There are three Asian Ameroseius  species ( denticulatus  , magnisetosus  and submagnisetosus  ) representing a specific group of closely related (if not identical) congeners characterised especially by a combination of the following character states: (1) dorsum with deficient chaetotaxy, having only 26-27 pairs of setae; (2) dorsal shield lacking coarse sculpture, with only delicate reticulate pattern; (3) in female, st3 on soft integument due to the absence of pseudo-metasternal platelets; (4) in male, st4 on soft integument, outside the sternogenital shield (5) five pairs of opisthogastric setae present (JV4 absent), of which JV3 on (ventri)anal shield, and JV5 similar to other setae on ventral surface. The above enumerated species are here referred to as the Ameroseius magnisetosus  group. Unfortunately, I have examined no representative of this peculiar group to confirm reduced number of dorsal setae and other features as stated above.

There is a combination of diagnostic characters to recognise the newly designated Ameroseius fungicola  species group, namely (1) fixed digit of chelicera bidentate, the two teeth small and similar in size; (2) corniculi unsclerotised, membranous, hyaline, medially curved, with tapered and undivided apex directed anterolaterally; (3) conspicuous dimorphism of dorsal chaetotaxy: in males, centrally situated setae strongly reduced in length when compared with those in females; (4) male with anal shield bearing only three circum-anal setae; (5) setae z5 minute; (6) absence of postgenital slit-like sclerites; (7) anus close to anterior margin of anal shield; (8) cheliceral digits relatively small; (9) legs I relatively short and thick (especially tarsi); (10) in male, legs I and palptrochanters with some setae thicker and spiniform when compared with those in female; and (11) empodium and claws of tarsi I–IV well developed, relativelly large; (12) in males, tarsal claws of legs II apparently larger than in other legs. This group contains only two described species ( fungicola  , callosus  ), and it can be characterised by several peculiar characters (see points 1-4, 12), unique or rarely expressed in Ameroseiidae  . From a phylogenetic point of view, presence of these characters might support the idea of the justified existence of a separate ameroseiid taxon based on A. fungicola  and A. callosus  .

Narita et al. (2015) constituted a separate species group for 21 species of Ameroseius  , referred to as the sculptilis  group, with the following character states: (1) dorsal shield with ridges and pit-like depressions combined with a reticulate pattern of simple lines; (2) dorsal shield with 29 pairs of mostly stout and serrate setae; (3) posterior ventral surface with five or six pairs of opisthogastric setae; (4) ventrianal shield with 0-2 pairs of setae (in addition to three circum-anal setae). However, all these character-state arguments are weak, based on greatly variant and vague features, and not suitable for correct separation of the species, even at least at the level of Ameroseius  / Kleemannia  species as understood in this paper. So, I here did not follow Narita et al. (2015) in their concept of sculptilis  as a separate and reasonably derived species group of Ameroseius  .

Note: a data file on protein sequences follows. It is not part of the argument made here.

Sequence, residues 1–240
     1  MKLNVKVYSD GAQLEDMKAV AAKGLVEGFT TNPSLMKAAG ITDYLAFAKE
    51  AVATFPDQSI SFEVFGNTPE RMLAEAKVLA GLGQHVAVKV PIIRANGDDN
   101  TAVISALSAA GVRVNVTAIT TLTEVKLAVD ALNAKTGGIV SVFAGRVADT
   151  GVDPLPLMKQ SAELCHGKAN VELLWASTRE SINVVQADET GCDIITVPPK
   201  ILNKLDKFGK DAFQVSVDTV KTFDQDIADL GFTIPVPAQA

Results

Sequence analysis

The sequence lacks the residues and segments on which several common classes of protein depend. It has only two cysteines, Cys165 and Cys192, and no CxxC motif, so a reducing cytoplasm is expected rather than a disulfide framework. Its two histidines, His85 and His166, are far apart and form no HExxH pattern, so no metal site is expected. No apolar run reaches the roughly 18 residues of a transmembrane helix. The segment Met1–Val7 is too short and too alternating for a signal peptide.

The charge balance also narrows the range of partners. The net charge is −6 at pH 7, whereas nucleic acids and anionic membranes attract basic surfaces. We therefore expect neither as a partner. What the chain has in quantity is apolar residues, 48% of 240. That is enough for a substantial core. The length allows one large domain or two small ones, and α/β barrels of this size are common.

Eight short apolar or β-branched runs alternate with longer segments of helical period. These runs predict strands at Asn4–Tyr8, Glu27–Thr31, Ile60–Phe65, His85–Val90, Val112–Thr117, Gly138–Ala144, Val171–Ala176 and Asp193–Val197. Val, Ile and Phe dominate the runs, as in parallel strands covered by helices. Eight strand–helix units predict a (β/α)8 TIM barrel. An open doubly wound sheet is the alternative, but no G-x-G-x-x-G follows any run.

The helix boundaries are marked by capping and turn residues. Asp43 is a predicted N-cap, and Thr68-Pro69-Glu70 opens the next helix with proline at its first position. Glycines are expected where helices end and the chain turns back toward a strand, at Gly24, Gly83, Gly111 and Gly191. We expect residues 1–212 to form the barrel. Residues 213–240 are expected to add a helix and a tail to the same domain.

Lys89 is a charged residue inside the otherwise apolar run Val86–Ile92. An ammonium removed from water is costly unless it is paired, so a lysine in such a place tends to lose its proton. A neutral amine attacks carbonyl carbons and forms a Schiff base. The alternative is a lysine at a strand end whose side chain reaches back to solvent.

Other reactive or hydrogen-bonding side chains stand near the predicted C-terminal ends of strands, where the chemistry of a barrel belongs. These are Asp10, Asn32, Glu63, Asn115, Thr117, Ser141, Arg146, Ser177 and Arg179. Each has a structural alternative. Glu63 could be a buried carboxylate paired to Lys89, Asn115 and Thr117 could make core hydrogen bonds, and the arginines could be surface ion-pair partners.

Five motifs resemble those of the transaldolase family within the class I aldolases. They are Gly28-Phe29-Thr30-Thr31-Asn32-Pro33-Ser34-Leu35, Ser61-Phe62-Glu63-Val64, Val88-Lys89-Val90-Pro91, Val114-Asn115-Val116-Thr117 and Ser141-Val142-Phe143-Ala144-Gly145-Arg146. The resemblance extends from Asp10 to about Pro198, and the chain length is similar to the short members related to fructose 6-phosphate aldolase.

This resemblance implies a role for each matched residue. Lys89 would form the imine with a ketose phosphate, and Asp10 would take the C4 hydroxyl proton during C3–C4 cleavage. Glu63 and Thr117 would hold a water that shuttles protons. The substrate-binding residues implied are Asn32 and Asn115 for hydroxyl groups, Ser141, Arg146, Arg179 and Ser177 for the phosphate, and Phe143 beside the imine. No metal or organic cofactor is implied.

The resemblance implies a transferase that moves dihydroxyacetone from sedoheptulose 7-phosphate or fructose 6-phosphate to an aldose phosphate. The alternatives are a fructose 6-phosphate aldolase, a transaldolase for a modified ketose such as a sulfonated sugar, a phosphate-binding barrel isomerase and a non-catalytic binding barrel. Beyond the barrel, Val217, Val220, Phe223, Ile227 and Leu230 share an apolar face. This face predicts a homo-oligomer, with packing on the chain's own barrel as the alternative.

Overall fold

Key to species of Ameroseius  occurring in Europe (females)

European species of Ameroseius  can be identified using keys from Westerboer and Bernhard (1963), Karg (1971a, 1993) and Bregetova (1977). In their keys, these authors included six, eight or nine species, respectively. A smaller part of the world species of Ameroseius  (17 species) can be identified using keys of Narita et al. (2015), but better portion of congeners should be exclusively identified using the primary species descriptions. A new key presented here contains 13 species considered to be of the European origin, including recently described species ( Ameroseius callosus  , Ameroseius fungicola  and Ameroseius lehtineni  ), and a new species described in this study.

Kingdom

Animalia

Phylum

Arthropoda

Class

Arachnida

Order

Mesostigmata

Family

Ameroseiidae

Loc

Ameroseius Berlese, 1904

Masan, Peter 2017
2017
Loc

Cornubia

Turk 1943
1943
Loc

Cornubia ornata

Turk 1943
1943
Loc

Ameroseius

Berlese 1904
1904
Loc

Ameroseius

Berlese 1904
1904
Loc

Seius echinatus

Agassiz 1845
1845